Former Governor turned trial-lawyer Ronnie Musgrove recently filed suit against the State of Mississippi with 14 school districts signed up as plaintiffs in an attempt to force the state to retroactively fully fund the Mississippi Adequate Education Program (MAEP). The Associated Press estimates Musgrove and his lawyer colleagues could reap as much as $27.8 million themselves in the process.

One expects a statement like, "It is disappointing to me that Ronnie Musgrove is using education as a pretense to get rich at the expense of the Mississippi taxpayers," from Republican Governor Phil Bryant.

But published reports show Bryant isn't alone in this criticism.

Claiborne Barksdale, education funding advocate and retired director of the Barksdale Reading Institute said, "Millions of dollars will go into Ronnie's and other lawyers' pockets instead of into schools. The irony is striking."

"Even if it's successful, this lawsuit will take millions of dollars from Mississippi's schoolchildren and give it to lawyers," said Patsy Brumfield, spokesperson for Better Schools = Better Jobs.

Nancy Loome, executive director of education funding advocacy group The Parents Campaign, warned Musgrove's plan could lead to the end of MAEP, the funding scheme he promoted as lieutenant governor. "The response of the Legislature very well could be to dismantle MAEP and then we would be left with nothing. It's in statute and the Legislature could change the statute," Loome told the Associated Press.

In his Neshoba County Fair speech, former Governor William Winter said he opposed Musgrove's plan as well.

Musgrove must be thinking, "with friends like these, who needs Phil Bryant?"
Barksdale, Brumfield, Loome and Winter have not suddenly jumped onto the anti-trial lawyer bandwagon. They oppose Musgrove's plan because they support an initiative-referendum project which would amend the Mississippi Constitution in a way they believe better meets their education funding goals.
Their amendment would change Section 201 of the Mississippi Constitution, which currently reads, "The Legislature shall, by general law, provide for the establishment, maintenance and support of free public schools upon such conditions and limitations as the Legislature may provide."

They would amend the Mississippi Constitution to enshrine education as a fundamental right, remove the Legislature's power to structure education in Mississippi, add Constitutional authority to the education system rather than simply schools and empower a judge to enforce the provision.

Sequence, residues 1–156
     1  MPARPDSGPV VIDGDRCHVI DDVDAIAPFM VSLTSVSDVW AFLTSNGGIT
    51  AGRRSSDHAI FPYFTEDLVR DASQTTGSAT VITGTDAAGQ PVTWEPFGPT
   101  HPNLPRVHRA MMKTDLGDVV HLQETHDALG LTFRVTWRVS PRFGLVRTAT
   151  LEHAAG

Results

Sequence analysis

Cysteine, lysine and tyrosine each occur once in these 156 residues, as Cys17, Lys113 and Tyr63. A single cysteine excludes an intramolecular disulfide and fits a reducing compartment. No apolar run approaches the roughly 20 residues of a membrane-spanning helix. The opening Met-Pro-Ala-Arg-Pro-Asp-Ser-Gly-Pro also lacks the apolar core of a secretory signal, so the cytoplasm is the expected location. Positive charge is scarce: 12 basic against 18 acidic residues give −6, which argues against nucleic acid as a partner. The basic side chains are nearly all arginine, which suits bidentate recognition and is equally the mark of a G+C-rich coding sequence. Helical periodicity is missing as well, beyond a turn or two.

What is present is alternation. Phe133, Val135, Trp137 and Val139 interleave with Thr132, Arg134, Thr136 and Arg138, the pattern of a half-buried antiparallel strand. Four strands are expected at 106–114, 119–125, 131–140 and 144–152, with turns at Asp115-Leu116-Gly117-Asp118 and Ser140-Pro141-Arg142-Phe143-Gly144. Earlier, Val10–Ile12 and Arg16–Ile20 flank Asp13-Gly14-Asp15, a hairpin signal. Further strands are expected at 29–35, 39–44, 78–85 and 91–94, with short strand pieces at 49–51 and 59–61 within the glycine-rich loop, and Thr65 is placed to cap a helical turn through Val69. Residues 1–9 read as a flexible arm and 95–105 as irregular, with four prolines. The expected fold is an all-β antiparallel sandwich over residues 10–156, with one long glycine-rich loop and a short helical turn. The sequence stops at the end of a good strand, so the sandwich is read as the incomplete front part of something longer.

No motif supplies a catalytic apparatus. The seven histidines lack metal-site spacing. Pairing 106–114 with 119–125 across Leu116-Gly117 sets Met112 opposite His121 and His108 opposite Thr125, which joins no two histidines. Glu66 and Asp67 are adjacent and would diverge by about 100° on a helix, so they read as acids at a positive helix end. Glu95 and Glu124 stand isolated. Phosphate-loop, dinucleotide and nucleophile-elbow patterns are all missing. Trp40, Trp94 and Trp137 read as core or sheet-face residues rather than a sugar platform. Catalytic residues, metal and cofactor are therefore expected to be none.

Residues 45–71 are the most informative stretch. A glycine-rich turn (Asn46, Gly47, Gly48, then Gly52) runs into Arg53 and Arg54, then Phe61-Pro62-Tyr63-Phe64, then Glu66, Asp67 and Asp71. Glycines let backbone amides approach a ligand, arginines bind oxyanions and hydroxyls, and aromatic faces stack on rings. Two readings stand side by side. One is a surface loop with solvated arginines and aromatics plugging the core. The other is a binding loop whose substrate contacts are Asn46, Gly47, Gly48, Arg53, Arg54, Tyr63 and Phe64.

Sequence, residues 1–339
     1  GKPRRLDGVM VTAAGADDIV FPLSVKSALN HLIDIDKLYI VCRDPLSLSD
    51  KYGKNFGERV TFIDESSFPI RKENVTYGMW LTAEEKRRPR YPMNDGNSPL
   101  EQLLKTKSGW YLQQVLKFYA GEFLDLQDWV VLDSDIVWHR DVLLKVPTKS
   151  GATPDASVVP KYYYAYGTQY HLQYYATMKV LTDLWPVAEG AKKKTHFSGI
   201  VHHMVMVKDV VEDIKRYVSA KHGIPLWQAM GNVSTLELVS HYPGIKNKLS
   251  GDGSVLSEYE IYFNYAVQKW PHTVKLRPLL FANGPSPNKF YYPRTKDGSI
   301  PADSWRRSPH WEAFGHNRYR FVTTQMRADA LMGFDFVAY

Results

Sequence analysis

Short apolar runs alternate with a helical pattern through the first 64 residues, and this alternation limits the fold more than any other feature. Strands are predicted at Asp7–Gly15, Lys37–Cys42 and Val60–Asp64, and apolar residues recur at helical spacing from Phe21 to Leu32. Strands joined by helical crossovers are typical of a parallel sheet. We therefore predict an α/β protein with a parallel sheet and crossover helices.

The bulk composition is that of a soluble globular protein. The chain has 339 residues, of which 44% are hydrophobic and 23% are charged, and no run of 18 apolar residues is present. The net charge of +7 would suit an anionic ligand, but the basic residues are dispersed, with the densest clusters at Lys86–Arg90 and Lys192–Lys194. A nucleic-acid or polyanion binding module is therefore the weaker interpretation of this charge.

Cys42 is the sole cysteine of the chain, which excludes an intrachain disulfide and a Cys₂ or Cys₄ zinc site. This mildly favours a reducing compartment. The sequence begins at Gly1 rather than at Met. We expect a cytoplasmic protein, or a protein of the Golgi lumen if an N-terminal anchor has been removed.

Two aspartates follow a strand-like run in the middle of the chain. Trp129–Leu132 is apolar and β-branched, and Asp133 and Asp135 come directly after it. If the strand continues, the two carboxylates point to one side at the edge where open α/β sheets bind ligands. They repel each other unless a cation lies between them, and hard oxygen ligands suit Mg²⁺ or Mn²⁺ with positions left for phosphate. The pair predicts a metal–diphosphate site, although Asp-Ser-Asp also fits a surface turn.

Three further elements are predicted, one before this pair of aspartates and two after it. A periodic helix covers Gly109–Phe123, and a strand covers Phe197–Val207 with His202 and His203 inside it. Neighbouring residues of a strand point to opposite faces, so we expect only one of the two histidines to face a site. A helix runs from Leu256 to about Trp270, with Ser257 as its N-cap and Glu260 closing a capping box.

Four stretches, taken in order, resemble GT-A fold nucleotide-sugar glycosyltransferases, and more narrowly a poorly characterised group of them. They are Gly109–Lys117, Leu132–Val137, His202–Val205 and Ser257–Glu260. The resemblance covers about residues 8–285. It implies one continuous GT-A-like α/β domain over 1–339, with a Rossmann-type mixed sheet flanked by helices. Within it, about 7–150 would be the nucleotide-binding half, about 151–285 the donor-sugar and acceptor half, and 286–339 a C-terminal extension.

Their revised version of Section 201 would read, "To protect each child's fundamental right to educational opportunity, the State shall provide for the establishment, maintenance and support of an adequate and efficient system of free public schools. The chancery courts of this State shall have the power to enforce this section with appropriate injunctive relief." (I'll be looking more at this plan in a future column.)

But for now, these two camps seem to be disagreeing over whether to sue Mississippi now, or sue Mississippi later. Either scenario removes budget decisions from the people's elected legislators and hands authority to a judge.

The MAEP Legal Group, led by Musgrove, also includes, as reported by the Associated Press, "Dustin Childers, the son of Democratic U.S. Senate nominee Travis Childers and Casey Langston Lott, the nephew of disbarred lawyer Joey Langston. The pair works for the Langston and Lott law firm in Booneville."
This isn't Musgrove's first bite at the apple in contingency fee litigation involving the state. While this time he is suing Mississippi, in 2011 he won a lawsuit on behalf of Mississippi through a contract with Attorney General Jim Hood.

In October 2011, Hood announced settlements involving average wholesale prices with three pharmaceutical companies which would provide more than $25 million to Mississippi. Before the legislature could begin spending, then Governor Haley Barbour warned of the real result.

Barbour wrote to legislators, "The attorney general gave former Gov. Ronnie Musgrove's law firm, which handled the litigation, a fee of $5,459,000. That does leave a balance of just above $20 million, but the State is not entitled to all that money. We cannot expect $20 million to be available for us to spend, as the federal government is entitled to at least 82.03 percent of that amount. Under the law, the federal government is entitled not only to its share of the recovery but also to half, or $2,729,500, of the attorneys fees Hood gave to Musgrove's firm. Therefore, according to Medicaid's best estimates, the State may actually retain for appropriation as little as $907,807.70. Of course, this means former Gov. Musgrove and his law firm will get more money out of the lawsuit ($5,459,000) than the State of Mississippi and its taxpayers receive - as much as six times more."

Whether it's sue you now or sue you later, lawyers involved always make money.

Brian Perry is a partner with Capstone Public Affairs, LLC. Reach him at or @CapstonePerry on Twitter.